GM: I formed the group, but it was always made clear that myself or anyone in the group wasn't the group. We are all parts that make the whole. Cheesy, yes. But this is where the magic lies within us. Though there is the saying; "You can’t have too many chefs in the kitchen", and to an extent this is true but with all the ideas floating around it wouldn’t work out if I were the one that was "doing all the driving."


PS: What genre or category would you say that the music your band produces falls into?

GM: Ready? Jazz – Rock – Punk – Progressive – Latin – Psychedelic... This is a never ending question that we are faced with. In all honesty; putting this under a genre and calling it a day might keep that one listener away who looks only to the "labels" that critics have put on music. Helpful as they may be, they don’t seem to encompass exactly what we are doing at the moment.

PS: Do you regard your band as just being a quintessential jam band, or do you regard it as something more with a message to it, lyrically and/or otherwise?

GM: Well, the term "jam band" is something thrown around so lightly today that its almost lost its meaning altogether. When musicians first get together and "jam," this can already be considered a "jam band." The Miles Davis, Quintet, and everything he went on to do in the 70’s can also be considered a "jam band" but those guys were really cooking. We do explore certain parts of our music, but not enough to be labeled as a "jam band" at least, I think...

James has only scratched the surface with the lyrical talent he possesses. We are quintessential hard workers and a group of guys who aren’t looking to make a quick buck with what's "In" at the moment.

PS: Which song (that you’ve written with the group) do you consider to be your favorite? And could you tell us why...?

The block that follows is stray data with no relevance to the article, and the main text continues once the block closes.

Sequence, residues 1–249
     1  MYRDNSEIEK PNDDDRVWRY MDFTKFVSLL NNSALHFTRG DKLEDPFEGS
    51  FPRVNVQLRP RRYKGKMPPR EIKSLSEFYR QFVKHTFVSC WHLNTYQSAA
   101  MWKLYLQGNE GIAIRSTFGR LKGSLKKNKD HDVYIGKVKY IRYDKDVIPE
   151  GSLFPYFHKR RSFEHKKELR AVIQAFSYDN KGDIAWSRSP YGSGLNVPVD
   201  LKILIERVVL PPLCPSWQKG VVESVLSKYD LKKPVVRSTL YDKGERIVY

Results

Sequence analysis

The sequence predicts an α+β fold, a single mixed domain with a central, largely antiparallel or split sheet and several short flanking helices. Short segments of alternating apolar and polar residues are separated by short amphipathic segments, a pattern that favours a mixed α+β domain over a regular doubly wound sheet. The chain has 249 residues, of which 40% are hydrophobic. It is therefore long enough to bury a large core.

GM: Well, Ponsela still stands as one of the funner (sic) songs to explore, with all the sections. But the bridge in Vesuvium is still one of my favorite sections to enter in the songs we play. And then there's the song Anthem, which is always fun to play to new ears.

PS: To date how many albums, demos, singles, etc. has your band released...and are you working on any new material at the moment?

GM: Since we only started in November of 08' and actually found the core in April, we have our EP and a handful of cover songs which we enjoy performing. With our self titled EP being released mid June 09' (go to www.themauxms.com for more information) we have already begun to answer the question many have, which is: "So what else you got?" And my answer is: Expect the new material in form of an LP as well as an interesting story.

PS: Could you share with us your opinion on the local music scene here in Florida... like, where it fails or where it actually works?

GM: I'm actually one of the worst people to answer this question about "Miami's scene" in that I only got into it last year. Conversations about Poison the Well shows, Twice the Sun, Nonpoint, and all those cool things that were happening here usually don’t come with many words from me. I was playing sports at the time and not doing the slightest thing with music. As for what I see happening now, I must say the music scene here is somewhat of a drab and sometimes just a few "well planned events" from becoming something like it used to be (from what I've heard of it). If money is what a band who plays original music locally here is after, they will not find it.